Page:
I’m just imagining myself as a high school student and my friends sneaking into the hemp field to snip some buds. But I’m glad that hasn’t happened in any noticeable capacity. Do you guys have a fence? What are your requirements from the state, I guess, is what I’m really asking here. Because, you know, I grow cannabis out here in California, you grow hemp in New York. Like it’s the same plant. Spoiler alert for everybody out there. It just has different levels of certain compounds. it’s the same thing. But you know, we have to have all kinds of crazy security requirements, cameras and fences and stuff like that, even though we’re way out in the middle of absolutely nowhere. So is there anything like that that you have to comply with? And do you have inspections? Like what’s your relationship like with the state of New York in terms of your hemp operation?
As far as fencing and protection and stuff goes, we haven’t — not that I’m aware of. I mean, ours is an open field. My buddy’s address over hemp, theirs is an open field. We do have to provide, you know, when we apply for a license, we have to, you know, have like coordinates of where the garden will be and then where it will be processed and dried and stored. So we have to have all that stuff kind of laid out for the state. And we had a very friendly fellow Chris from Ag and Markets Comm and he came and checked out the field before there was anything in it, but the wild grasses and cleavers and the goldenrod. And then he came back in the spring after I’d put up the greenhouse and started the seeds. And then he came back later on after we had planted and, you know, was intrigued by the companion planting and stuff we were doing so he had another local farmer out. It’s also her first year growing in ruby botanicals there in Vermont below the Adirondacks. Delightful, hardworking, spirited lady, and she came out with a niece and they checked out the farm.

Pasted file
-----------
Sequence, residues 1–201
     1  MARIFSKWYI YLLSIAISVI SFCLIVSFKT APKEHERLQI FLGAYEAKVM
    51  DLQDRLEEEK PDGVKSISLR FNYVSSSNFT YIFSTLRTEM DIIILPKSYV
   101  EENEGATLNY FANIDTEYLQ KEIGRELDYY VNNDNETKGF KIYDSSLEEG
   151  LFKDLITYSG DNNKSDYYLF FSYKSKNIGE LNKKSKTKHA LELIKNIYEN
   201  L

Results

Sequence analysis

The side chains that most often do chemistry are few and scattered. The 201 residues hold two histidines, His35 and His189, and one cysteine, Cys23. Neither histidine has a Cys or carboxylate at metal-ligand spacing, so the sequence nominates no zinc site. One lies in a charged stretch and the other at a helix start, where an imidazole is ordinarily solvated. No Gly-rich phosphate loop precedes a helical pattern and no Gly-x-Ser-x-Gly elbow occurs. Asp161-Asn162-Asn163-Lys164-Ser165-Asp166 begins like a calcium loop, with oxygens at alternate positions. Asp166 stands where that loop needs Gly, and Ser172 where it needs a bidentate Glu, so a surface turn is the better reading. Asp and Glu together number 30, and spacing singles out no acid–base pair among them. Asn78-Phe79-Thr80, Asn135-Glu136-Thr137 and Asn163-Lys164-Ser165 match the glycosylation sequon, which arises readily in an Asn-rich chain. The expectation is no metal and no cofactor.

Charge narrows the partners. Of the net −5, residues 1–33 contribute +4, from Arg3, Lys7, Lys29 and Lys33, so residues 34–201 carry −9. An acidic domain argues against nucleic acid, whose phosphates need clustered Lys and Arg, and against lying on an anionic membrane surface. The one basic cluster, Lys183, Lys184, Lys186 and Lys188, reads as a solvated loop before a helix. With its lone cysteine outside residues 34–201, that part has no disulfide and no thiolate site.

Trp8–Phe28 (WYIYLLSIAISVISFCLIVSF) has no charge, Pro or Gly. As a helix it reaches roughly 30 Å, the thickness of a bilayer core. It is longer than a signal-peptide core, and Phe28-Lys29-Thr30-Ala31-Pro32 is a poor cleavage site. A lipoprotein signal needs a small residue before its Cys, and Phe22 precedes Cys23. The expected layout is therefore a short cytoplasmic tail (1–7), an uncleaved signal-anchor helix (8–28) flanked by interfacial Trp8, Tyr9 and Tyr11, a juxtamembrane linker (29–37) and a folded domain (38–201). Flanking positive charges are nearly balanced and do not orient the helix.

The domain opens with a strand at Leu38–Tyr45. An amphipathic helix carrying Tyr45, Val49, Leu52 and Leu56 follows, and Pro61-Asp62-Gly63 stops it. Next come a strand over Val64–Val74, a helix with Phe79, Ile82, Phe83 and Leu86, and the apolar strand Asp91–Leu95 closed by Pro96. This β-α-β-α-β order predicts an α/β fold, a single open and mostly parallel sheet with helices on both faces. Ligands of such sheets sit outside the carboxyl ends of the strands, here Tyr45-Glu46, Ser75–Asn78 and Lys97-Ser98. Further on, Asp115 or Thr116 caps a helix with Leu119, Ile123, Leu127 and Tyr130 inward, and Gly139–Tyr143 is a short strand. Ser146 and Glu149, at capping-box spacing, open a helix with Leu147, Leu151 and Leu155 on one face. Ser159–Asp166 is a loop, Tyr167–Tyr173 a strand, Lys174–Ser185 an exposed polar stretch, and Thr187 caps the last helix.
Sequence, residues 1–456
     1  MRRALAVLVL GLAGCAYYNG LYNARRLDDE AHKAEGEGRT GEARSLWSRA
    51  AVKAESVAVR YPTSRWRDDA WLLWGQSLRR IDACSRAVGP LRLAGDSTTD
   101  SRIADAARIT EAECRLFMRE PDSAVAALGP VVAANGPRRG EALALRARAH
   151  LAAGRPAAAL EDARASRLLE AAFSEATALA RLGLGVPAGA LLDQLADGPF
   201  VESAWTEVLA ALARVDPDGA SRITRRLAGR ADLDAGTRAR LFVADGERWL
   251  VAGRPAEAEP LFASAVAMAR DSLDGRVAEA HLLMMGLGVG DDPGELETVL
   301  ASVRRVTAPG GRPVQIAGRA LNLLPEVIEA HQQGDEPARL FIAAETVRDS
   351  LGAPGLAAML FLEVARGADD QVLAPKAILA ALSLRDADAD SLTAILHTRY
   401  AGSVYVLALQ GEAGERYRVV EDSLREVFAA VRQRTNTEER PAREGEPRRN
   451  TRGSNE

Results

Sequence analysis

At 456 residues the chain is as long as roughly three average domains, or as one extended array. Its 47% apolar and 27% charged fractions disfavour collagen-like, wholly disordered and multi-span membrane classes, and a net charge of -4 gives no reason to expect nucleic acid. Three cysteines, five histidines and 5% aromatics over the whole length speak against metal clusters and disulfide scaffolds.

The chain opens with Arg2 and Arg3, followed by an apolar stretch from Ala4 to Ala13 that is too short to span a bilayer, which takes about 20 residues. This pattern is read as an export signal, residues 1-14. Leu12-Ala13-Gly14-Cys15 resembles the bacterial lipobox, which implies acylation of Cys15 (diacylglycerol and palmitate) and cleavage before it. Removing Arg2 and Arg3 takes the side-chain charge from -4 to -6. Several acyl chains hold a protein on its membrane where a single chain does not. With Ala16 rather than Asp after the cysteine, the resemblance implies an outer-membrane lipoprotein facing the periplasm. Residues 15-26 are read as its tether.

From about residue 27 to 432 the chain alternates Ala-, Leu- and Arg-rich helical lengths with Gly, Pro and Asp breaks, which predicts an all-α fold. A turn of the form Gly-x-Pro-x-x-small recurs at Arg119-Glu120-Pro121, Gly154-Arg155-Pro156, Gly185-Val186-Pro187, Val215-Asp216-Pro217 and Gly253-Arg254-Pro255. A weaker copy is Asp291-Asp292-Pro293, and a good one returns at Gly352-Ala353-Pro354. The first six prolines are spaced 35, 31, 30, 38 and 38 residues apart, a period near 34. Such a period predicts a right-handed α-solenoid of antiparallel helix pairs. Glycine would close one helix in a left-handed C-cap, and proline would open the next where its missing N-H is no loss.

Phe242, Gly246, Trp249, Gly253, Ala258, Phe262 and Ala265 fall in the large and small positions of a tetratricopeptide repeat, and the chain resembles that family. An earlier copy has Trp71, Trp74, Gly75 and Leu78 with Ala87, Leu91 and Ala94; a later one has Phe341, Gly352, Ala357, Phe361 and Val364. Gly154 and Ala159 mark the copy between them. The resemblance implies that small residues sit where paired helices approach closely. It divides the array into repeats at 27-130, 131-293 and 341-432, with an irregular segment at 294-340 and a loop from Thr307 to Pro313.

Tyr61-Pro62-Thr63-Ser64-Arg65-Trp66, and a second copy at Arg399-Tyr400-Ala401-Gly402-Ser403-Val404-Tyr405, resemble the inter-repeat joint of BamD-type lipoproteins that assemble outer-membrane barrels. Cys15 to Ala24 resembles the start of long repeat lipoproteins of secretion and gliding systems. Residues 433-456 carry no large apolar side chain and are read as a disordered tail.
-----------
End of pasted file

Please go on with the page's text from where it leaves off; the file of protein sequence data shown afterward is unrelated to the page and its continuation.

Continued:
So I’ve had a very, very friendly relationship so far with the state. And we’ve had to make some amendments to our license application. Just things got changed around and stuff. But all in all, it’s been pretty positive. They didn’t come out and actually inspect or test our flower this year. Though we did that on our own but it’s pretty relaxed as far as security. You know, we don’t have to have a fence or cameras or anything that I’m aware of at this point. So, you know, I don’t know if that will change when New York does legalize recreational cannabis, if we could possibly get a license for that, if there will be different requirements. And I know that this year the state just changed all the regulations and made it a whole lot more expensive and all that to grow CBD, cannabis or CBD hemp. So things are definitely changing all the time here. Like we didn’t even know if New York was going to be in charge next year or if the feds were until like a couple weeks ago. So it’s been kind of a rocky ride with that. But, you know, just trying to make everything work positively as best we can at this point, really.
It sounds like you’re on the cannabis roller coaster ride just like everyone in the whole country who’s cultivating cannabis or have been in any capacity. It’s like things are changing every five seconds and you just have to breathe and let go and be so grateful for your opportunity to work with the plant because otherwise you’ll just drive yourself crazy trying to plan the next move. It’s like you really just have to go with the flow, it seems, at this point,